How Evanston became the ‘City of Churches’


Shveta Shah/Daily Senior Staffer

Evanston is home to about 100 places of worship, according to archives from Evanston Public Library.

Lexi Goldstein, Assistant Arts and Entertainment Editor

When someone takes a jaunt through Evanston’s suburban streets, a steeple is usually visible in the skyline. Evanston has earned the name “City of Churches” for good reason: a religious space sits on nearly every street corner.

The Evanston Public Library keeps a record of nearly 100 active places of worship in the city — a testament to Evanston’s continued religious presence. 

Evanston’s religious roots are tied directly to Northwestern. According to University Archivist Kevin Leonard, NU’s founders wanted to establish a higher education institution with affiliations to the Methodist Episcopal Church. University founders provided land for free or at nominal cost to encourage locals to build churches, Leonard said. 

That land came from John Foster, who sold his 379-acre plot to NU founder John Evans. Foster had inherited it from his brother, who took over the land after the Black Hawk War. Settlers took the plot and surrounding lands from Indigenous people, including the Potowatami. 

NU fourth-year Ph.D. candidate in Native American and U.S. History Heather Menefee said NU founders wanted to create a separate community from Chicago because they thought the urbanized area had “rough crowds.” 

“They chose a location 13 miles north of there that fit with their ideology of white civilization and purity and godly goals,” Menefee said. 

The founders’ hope was that organized religion in a suburban town would create a positive environment to surround the University, Leonard said.

First United Methodist Church of Evanston, on Church Street, was founded in 1856 as Evanston’s first church. Later, Baptist, Congregationalist and Episcaplian churches popped up. But, Evanston’s first official religious institution sits right on NU’s campus — the Garrett Biblical Institute.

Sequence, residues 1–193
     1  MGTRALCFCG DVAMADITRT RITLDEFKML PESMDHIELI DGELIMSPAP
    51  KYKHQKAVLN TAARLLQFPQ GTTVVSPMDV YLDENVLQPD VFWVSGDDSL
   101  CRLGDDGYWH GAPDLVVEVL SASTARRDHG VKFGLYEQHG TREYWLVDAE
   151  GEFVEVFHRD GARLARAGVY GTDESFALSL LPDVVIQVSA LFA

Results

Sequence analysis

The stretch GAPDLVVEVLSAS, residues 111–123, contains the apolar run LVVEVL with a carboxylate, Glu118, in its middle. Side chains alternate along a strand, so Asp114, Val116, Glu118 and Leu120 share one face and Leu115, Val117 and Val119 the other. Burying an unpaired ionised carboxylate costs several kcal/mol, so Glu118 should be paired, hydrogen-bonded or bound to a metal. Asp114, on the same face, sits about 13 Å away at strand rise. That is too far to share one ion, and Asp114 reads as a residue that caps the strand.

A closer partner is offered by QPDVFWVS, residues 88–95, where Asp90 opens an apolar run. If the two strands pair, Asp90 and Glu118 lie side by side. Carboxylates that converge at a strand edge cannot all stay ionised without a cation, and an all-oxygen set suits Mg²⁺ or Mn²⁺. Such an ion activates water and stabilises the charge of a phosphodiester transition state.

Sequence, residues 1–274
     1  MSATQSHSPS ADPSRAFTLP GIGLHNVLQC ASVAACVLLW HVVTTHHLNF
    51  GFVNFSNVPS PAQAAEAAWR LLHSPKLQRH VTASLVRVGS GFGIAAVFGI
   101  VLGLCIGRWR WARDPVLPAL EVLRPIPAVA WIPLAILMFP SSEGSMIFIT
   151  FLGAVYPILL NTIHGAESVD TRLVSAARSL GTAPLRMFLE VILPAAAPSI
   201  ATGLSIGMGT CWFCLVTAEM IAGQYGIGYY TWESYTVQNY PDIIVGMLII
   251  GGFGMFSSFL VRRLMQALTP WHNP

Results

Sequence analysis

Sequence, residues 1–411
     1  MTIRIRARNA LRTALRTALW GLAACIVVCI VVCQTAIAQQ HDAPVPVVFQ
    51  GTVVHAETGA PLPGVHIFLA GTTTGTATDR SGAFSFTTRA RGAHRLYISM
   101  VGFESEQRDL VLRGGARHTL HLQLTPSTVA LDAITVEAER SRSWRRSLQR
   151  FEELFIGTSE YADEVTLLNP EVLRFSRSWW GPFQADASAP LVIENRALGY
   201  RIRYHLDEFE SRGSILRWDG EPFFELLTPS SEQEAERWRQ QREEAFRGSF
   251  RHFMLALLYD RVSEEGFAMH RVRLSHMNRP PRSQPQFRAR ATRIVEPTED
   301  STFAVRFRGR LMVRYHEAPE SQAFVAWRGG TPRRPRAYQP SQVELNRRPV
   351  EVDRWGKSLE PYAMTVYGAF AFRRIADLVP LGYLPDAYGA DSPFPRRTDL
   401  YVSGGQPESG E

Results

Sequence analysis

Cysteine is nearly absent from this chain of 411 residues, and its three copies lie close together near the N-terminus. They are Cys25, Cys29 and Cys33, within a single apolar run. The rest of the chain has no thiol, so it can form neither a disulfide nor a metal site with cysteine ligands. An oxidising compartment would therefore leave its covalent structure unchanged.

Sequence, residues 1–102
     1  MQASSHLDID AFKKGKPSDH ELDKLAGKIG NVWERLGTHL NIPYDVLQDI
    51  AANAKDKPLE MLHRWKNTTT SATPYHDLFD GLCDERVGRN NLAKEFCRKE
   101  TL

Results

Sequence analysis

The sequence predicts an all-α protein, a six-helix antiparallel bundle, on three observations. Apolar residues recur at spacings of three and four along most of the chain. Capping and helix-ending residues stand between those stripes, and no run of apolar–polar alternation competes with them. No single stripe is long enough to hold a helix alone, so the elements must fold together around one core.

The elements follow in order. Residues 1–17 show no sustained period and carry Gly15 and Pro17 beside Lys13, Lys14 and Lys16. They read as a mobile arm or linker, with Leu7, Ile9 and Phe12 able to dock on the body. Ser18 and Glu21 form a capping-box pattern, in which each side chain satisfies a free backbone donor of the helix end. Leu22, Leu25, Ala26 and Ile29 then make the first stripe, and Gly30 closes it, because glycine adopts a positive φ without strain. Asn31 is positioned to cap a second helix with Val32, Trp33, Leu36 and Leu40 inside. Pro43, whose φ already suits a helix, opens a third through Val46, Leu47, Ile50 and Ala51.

The Evanston Index, a community newspaper that ran from the late 19th century into the early 20th century, listed active churches in their issues. The publication included the African American congregations Ebenezer African Methodist Episocopal Church and Second Baptist Church in the 1880s, both located on Benson Avenue.

After the Great Chicago Fire in 1871, Evanston’s population grew, as did the volume and diversity of religious spaces. 

The population at the time was primarily Methodist and Protestant, Leonard said. Other denominations could worship, but Catholics were a notable minority, he added. 

“The (founders) wanted, in effect, a holy sanctified city here through the presence of churches,” Leonard said. “The influence that those churches would have on the community through the sale or lease of land to like minded individuals, who would be interested in a morally upright community.” 

Other religions developed places of worship starting around the mid-20th century. Leonard said there were not populations substantial enough to support congregations previously. 

“It’s not that there was a barrier to other religions or denominations setting up shop here, but you’re not going to set up shop here unless you have a population to support it,” Leonard said.

Email: [email protected] 

Twitter: @lexipgoldstein

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